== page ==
The best thing to do is to look at the Best By or Expiration dates printed on the label. In most cases, it is still good within one to two years. Use your eyes and nose to do a quick test before using it.

After Brewing

Once the coffee is brewed, the shelf life becomes significantly shorter. If you want to enjoy your coffee at its peak, then you should consume it in about 20 to 30 minutes after it is brewed if it is in a cup. Meanwhile, if you keep it in a sealed container, then drink it within an hour.

Adding other ingredients to your coffee also affects how quickly it can go bad. While you can leave brewed coffee in a pot for up to four hours, if it has milk or creamer, it can only say good for up to two hours.

If you want your brewed coffee to last longer, the best thing to do is to keep it in the fridge. However, make sure it is in an airtight container. This way, it can remain good for up to four days, but it will taste inferior.

What Factors Degrade Coffee Beans?

As I have noted in this guide, coffee beans can last several months. However, especially if it is opened, several external factors can contribute to quality degradation, including the following:

  • Oxygen: This is the biggest external factor that degrades coffee beans. Freshly roasted beans can spoil within days once it is in contact with oxygen. Oxidation speeds up the breakdown of chemicals naturally present in coffee, which can make it turn stale. This is the same mechanism by which air causes fruits to turn brown or black.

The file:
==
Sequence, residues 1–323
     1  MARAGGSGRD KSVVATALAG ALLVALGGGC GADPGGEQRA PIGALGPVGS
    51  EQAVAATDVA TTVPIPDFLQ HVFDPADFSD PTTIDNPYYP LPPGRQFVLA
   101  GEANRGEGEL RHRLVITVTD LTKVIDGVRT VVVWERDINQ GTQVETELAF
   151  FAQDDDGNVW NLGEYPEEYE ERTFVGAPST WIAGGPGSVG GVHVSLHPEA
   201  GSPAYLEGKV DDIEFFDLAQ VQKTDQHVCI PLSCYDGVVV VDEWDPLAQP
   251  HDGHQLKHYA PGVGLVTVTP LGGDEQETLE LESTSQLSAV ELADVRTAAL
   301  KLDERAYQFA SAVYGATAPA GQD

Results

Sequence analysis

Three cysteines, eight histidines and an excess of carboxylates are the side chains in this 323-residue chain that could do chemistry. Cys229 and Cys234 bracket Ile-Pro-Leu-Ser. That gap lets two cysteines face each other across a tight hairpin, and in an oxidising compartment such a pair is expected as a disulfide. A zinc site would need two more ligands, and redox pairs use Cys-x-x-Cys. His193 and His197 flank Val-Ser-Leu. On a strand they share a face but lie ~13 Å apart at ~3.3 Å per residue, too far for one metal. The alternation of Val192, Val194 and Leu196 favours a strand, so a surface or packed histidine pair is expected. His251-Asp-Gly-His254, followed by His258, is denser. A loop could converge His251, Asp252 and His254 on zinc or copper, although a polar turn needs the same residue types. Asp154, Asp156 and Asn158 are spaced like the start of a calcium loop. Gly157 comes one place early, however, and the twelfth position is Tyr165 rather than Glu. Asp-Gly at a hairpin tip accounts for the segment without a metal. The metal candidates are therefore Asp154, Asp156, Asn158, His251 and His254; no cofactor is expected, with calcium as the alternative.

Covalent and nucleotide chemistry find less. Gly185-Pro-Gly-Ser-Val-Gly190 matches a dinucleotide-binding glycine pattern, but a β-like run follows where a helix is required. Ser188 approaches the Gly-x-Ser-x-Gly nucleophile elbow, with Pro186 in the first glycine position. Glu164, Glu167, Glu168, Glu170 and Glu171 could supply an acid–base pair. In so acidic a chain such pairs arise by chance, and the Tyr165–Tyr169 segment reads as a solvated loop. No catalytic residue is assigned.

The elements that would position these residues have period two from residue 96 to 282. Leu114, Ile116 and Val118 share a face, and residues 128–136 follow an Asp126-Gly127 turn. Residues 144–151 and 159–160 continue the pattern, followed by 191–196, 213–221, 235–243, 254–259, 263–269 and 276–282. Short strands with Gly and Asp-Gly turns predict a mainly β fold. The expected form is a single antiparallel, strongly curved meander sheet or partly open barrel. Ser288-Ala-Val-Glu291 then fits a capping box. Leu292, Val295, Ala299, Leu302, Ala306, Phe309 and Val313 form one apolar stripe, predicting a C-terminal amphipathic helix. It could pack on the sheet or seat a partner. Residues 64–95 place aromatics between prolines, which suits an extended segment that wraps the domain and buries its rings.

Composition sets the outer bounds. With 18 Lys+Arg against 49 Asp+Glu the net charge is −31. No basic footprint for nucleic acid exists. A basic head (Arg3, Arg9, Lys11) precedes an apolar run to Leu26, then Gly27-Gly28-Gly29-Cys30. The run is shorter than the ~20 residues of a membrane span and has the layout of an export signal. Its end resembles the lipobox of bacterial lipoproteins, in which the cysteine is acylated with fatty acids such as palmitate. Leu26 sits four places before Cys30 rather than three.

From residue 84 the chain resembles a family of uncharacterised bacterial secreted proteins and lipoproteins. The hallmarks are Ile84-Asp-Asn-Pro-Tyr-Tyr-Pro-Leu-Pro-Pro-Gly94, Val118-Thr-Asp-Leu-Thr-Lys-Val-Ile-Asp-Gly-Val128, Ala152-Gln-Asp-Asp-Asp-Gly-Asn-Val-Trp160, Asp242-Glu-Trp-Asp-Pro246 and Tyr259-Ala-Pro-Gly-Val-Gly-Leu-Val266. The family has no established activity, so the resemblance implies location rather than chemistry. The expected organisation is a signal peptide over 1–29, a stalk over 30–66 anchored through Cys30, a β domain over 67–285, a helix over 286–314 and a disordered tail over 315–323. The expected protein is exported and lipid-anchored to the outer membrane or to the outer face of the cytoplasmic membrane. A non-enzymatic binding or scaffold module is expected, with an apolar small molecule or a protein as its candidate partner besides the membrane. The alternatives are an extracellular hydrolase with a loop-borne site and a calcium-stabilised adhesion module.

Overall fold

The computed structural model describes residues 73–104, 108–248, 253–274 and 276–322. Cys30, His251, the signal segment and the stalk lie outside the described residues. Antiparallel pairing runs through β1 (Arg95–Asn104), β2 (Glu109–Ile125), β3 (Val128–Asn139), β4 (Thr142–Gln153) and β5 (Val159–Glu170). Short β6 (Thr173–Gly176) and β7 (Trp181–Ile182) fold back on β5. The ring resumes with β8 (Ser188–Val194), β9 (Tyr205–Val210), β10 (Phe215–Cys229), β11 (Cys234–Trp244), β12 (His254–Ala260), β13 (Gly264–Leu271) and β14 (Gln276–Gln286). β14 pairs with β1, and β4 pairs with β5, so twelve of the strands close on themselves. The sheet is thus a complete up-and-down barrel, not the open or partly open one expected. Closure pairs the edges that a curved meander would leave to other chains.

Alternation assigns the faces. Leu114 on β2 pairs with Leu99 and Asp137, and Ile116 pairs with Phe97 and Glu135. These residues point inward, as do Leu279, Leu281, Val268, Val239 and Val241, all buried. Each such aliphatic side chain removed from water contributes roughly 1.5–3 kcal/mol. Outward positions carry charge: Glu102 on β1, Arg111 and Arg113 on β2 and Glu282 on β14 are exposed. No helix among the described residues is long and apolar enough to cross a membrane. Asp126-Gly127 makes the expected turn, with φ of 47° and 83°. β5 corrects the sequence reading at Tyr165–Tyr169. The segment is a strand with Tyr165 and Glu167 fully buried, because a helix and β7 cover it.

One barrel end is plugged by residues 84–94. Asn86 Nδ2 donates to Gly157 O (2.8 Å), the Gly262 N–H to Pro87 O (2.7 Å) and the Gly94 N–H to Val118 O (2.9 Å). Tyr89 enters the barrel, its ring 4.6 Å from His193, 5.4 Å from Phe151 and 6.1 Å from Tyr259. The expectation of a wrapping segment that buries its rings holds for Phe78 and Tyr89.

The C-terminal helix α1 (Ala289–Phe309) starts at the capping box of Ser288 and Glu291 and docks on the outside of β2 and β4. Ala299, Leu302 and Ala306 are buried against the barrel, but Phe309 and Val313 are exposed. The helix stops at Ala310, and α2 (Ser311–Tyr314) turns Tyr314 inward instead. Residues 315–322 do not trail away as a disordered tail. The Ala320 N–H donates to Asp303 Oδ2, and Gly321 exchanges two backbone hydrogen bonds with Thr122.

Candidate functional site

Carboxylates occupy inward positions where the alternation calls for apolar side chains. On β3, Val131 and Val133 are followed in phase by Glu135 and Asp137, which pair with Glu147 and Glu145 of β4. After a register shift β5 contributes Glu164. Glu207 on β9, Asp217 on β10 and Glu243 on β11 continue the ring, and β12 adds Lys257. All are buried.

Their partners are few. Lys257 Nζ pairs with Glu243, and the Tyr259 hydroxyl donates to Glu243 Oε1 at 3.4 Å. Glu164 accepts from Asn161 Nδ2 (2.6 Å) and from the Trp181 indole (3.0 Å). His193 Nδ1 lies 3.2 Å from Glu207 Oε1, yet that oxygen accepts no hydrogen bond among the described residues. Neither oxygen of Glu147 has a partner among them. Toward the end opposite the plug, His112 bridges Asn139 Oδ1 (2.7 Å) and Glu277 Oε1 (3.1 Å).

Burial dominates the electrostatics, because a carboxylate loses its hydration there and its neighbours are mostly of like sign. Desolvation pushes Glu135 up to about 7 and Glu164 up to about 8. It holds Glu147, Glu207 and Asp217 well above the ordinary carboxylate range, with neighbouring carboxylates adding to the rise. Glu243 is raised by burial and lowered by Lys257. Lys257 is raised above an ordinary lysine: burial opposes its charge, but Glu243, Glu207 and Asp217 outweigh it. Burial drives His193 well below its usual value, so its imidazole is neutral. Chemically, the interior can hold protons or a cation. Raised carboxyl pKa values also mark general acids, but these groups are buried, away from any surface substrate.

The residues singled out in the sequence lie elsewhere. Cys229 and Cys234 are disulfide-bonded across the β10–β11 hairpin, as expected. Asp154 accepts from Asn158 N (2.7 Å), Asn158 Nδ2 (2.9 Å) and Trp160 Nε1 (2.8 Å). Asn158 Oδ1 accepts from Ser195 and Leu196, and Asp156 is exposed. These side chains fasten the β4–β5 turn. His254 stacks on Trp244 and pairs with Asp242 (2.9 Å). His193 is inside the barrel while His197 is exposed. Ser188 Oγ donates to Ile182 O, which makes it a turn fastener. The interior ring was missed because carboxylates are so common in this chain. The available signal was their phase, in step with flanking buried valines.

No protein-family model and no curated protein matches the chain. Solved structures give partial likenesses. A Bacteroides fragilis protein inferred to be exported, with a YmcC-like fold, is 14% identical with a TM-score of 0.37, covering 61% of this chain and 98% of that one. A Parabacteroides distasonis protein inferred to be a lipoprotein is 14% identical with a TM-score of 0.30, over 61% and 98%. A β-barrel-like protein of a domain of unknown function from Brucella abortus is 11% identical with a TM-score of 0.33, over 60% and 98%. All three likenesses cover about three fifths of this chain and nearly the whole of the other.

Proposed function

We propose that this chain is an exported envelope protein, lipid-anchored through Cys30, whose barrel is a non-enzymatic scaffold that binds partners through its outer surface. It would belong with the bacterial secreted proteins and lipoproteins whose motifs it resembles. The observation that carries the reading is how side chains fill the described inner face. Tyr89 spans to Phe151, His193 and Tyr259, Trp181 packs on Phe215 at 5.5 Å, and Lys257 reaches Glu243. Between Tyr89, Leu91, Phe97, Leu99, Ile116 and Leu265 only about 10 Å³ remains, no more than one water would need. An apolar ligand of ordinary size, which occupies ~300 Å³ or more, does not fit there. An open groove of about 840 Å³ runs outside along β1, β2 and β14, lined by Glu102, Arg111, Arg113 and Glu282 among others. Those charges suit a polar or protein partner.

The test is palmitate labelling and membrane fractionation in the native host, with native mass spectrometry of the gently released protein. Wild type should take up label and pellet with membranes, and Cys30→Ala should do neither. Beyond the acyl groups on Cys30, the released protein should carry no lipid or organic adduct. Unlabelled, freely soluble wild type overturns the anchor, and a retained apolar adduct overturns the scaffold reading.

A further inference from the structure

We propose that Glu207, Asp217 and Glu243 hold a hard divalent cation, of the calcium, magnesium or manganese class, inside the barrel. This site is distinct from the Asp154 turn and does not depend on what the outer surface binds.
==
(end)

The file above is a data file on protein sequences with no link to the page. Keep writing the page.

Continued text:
• Sunlight: The UV in sunlight is another common culprit for a chemical reaction that results in coffee beans losing their natural flavors. It breaks down its structure, which degrades its quality quickly.
  • Moisture: Oils are responsible for the robust flavor you can expect from coffee. However, moisture, especially through condensation, can push the oils in the beans. As a result, your coffee may become rancid.
  • Heat: Exposure to heat is another factor to blame for the degradation of coffee beans. It has soluble flavor molecules that are heavily affected when the beans are in a location with a high temperature.

The Best Ways to Store Coffee